MCA has decided to “initiate the process of dissolving BN” and not “quit BN”.
Umno leaders have urged MCA to make up its mind and act fast, hinting that they no longer need MCA, so it should stop making noise and just get lost.
MCA has lost three consecutive general elections, in 2008, 2013 and 2018, and by right it should be end of game for the party.
But, politics is not just about electoral battles but rather the strategy adopted.
If you don’t get the right partner, your future is doomed.
This is what happens to BN today. Luck is not on its side, and it is made up of a bunch of equally rotten partners.
What about the partnership between MCA and Umno?
For MCA, things cannot get any worse. If it happens to lose again, it loses the most one additional seat. Not a big deal after all!
So, it doesn’t really matter now whether MCA can go without Umno. Similarly, there is no necessity for the party to have a clean and quick cut from Umno because no one knows what will become of Umno in five years’ time, or even one year down the road.
Indeed, Umno has deviated off course under the stewardship of Ahmad Zahid. The party is tilting more to the right and towards radicalism, as it seeks to team up with PAS and play up the racial and religious game.
This, unfortunately, will not take Umno any further.
We are not living in the year of 1969, and are not as penniless as in those turbulent years besides the fact people have grown tremendously in the awareness of democracy and rule of law.
Today, political power is no longer confined to a handful of privileged individuals.
Zahid cannot do as he pleases. Meanwhile, PAS has its own agenda and may not dance to his tune.
He is currently fighting his court cases and as such must mess things up for his own salvation.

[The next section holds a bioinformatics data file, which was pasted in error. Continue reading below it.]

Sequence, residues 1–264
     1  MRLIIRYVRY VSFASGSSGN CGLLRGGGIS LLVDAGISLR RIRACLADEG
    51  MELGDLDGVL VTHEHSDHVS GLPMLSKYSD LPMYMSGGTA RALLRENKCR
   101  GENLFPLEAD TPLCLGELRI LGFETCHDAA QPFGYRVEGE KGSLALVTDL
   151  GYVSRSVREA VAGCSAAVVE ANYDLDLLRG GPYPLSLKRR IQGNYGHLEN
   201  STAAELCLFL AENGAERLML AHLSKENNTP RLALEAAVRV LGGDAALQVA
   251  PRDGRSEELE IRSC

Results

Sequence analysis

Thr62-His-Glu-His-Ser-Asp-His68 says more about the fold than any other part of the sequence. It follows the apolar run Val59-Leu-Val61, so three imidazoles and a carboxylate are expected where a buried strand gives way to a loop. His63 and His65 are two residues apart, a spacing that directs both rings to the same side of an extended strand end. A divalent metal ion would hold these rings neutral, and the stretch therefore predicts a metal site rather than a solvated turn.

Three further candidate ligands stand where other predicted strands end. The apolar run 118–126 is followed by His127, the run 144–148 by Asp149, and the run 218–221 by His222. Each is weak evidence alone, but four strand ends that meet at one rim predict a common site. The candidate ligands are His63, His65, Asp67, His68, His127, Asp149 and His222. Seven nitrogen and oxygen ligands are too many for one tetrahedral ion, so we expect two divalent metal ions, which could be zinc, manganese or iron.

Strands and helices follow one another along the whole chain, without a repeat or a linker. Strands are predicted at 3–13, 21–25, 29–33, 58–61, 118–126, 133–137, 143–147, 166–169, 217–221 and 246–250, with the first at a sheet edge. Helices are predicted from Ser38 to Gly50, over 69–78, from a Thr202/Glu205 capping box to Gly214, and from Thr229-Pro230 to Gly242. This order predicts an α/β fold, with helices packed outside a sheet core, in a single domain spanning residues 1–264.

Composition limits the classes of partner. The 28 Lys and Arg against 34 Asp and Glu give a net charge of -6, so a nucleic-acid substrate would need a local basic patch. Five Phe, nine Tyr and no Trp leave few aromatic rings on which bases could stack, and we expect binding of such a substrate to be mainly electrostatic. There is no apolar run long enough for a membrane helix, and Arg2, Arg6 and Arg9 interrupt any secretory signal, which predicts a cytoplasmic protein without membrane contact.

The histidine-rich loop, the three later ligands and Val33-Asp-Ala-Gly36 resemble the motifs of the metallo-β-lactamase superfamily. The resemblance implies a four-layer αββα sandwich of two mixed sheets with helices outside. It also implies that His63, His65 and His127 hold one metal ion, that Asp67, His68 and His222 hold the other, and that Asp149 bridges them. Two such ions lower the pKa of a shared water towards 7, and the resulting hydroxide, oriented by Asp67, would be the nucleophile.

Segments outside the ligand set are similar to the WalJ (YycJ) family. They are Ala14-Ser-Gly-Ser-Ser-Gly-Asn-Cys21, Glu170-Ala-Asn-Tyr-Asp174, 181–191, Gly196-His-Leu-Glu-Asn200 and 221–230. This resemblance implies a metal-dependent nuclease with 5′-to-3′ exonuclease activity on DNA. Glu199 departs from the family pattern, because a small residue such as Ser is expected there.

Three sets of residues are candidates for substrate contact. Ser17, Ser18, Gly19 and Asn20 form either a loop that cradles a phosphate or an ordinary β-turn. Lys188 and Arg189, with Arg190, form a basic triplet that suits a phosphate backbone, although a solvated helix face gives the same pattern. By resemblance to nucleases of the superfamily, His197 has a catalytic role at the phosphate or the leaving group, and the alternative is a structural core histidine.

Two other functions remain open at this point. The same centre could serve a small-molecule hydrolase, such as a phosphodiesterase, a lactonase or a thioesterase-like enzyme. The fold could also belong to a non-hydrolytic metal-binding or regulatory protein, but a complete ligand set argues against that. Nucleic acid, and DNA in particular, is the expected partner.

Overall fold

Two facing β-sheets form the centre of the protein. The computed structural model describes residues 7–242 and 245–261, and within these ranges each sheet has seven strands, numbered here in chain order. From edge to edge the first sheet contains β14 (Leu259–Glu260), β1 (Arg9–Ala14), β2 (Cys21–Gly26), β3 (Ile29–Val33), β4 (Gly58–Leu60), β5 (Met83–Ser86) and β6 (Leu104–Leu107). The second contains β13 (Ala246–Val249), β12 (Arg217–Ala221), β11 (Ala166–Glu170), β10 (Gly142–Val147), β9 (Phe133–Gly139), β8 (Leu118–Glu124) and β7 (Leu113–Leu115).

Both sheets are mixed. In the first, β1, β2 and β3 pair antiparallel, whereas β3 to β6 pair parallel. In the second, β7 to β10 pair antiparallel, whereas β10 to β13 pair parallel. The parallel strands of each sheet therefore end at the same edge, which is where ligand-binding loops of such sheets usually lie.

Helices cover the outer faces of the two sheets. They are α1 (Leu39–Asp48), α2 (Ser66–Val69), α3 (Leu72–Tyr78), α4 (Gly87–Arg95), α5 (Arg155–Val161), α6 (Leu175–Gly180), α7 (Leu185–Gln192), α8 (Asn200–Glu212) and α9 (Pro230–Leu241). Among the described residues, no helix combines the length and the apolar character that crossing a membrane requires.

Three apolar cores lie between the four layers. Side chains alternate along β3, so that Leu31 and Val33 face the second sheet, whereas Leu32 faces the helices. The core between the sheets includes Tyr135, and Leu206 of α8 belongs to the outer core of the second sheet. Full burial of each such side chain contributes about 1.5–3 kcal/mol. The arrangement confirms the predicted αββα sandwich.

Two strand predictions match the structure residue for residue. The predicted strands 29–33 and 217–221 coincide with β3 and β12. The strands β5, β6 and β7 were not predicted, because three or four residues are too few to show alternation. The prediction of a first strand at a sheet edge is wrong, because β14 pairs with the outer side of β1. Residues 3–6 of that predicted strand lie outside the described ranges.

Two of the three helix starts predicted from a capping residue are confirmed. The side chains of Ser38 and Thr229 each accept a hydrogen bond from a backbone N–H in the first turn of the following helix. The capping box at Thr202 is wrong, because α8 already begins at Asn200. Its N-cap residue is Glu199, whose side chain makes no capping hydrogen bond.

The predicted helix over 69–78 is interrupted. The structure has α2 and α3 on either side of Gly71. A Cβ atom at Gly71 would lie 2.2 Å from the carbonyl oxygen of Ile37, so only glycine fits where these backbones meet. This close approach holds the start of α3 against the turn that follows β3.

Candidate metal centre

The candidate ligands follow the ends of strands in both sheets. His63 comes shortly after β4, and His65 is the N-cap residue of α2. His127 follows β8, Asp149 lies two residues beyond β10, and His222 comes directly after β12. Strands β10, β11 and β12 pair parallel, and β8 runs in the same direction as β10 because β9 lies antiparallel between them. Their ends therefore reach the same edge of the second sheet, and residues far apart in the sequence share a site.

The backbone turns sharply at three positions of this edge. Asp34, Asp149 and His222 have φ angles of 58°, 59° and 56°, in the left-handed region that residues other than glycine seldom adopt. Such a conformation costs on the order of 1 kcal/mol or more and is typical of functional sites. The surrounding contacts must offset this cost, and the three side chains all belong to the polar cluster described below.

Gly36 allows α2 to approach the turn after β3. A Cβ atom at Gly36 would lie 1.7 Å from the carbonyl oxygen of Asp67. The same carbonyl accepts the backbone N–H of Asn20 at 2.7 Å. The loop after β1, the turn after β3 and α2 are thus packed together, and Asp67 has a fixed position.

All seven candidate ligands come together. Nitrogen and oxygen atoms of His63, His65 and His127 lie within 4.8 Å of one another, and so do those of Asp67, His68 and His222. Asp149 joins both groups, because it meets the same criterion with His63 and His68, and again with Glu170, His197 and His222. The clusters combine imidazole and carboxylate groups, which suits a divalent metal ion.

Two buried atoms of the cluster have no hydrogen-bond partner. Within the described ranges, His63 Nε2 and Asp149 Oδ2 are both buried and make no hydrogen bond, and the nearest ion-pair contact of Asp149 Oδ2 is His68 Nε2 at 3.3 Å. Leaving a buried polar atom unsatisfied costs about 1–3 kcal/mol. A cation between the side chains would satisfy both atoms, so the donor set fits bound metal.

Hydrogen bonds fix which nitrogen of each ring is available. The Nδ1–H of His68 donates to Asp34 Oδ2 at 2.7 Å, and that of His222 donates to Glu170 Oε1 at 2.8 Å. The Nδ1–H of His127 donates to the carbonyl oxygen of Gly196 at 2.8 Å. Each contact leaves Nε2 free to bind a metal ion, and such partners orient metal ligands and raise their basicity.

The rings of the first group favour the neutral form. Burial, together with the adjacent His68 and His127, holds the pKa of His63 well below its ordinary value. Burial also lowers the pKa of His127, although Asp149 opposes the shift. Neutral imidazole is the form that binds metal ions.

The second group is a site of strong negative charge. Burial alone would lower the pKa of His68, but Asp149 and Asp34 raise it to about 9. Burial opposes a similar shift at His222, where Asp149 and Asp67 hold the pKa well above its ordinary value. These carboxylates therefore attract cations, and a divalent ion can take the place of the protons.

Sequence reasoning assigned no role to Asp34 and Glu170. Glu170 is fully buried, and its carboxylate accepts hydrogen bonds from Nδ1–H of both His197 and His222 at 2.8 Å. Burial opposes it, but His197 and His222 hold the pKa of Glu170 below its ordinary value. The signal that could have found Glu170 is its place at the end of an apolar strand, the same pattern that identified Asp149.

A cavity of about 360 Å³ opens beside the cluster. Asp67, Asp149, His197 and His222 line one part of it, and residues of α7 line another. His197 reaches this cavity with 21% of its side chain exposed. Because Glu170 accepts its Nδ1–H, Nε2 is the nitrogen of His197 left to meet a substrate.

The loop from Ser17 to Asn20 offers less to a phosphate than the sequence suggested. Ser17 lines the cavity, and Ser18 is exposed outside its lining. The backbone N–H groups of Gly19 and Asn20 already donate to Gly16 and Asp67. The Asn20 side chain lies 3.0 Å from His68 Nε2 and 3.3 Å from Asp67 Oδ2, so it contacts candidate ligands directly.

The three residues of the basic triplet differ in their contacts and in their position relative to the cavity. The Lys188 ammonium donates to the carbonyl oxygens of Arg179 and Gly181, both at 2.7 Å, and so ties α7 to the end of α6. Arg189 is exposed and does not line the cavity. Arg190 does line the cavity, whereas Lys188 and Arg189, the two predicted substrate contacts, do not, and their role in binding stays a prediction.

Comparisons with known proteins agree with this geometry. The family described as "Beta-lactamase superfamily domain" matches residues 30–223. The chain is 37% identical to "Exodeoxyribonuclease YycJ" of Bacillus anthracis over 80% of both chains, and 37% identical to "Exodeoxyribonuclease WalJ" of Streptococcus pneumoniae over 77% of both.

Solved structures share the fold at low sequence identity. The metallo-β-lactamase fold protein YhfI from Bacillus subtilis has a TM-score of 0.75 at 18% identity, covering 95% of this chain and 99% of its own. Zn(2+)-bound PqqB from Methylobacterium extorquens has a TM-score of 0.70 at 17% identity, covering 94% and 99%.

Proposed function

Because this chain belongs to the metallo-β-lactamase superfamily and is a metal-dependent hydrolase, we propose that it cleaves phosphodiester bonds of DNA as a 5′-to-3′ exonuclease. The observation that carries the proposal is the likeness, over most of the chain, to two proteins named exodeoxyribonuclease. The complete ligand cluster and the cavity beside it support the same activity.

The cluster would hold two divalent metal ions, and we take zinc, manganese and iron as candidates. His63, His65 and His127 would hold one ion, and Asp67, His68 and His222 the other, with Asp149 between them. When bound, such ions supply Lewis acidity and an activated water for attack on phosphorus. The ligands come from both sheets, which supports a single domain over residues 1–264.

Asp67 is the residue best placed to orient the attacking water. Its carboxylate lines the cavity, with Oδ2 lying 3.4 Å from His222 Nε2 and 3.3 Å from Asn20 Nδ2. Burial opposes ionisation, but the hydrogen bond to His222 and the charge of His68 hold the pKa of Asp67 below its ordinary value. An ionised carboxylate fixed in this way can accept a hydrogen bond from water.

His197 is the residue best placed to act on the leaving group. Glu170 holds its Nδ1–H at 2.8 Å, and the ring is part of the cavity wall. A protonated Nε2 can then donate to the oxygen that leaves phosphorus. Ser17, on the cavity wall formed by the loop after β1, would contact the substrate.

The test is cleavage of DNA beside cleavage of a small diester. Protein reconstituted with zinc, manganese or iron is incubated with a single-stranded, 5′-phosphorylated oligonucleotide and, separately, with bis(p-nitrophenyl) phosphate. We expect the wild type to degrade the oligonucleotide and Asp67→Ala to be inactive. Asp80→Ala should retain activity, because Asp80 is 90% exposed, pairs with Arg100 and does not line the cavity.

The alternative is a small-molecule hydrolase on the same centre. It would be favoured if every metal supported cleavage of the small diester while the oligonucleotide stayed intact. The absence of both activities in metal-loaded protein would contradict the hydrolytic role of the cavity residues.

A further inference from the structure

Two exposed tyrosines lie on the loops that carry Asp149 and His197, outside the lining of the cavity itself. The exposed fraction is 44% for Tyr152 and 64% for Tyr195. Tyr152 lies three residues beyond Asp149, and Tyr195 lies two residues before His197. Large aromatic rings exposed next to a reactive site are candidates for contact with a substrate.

But doing so will not take Umno back to the political mainstream, nor win the next general election and recapture Putrajaya.
The Malaysian society has a multicultural fabric and this country will not be controlled by any single race within the foreseeable future.
Of all the 222 parliamentary seats, those held by PAS and Umno do not even make up a third.
Even though there are 120 Malay-majority seats or over half of the total, non-Malays could be the kingmakers in many of them. Umno and PAS may not win all!
In the absence of non-Malay support, Umno will lose its allies in East Malaysia.
The party will need to face the reality come GE15. It must modify its strategy and seek non-Malay partners.
The pluralistic nature of the Malaysian society will make political alliances the only option for parties to remain relevant.
As secretary-general Annuar Musa has said, Umno can even work with DAP, which is not impossible theoretically although highly impractical in reality.
Save for a major shift in the country’s political ecosystem, Umno will still need MCA. Period.
While this combination may not assure an electoral victory, it is at least the only viable option we can visualize today.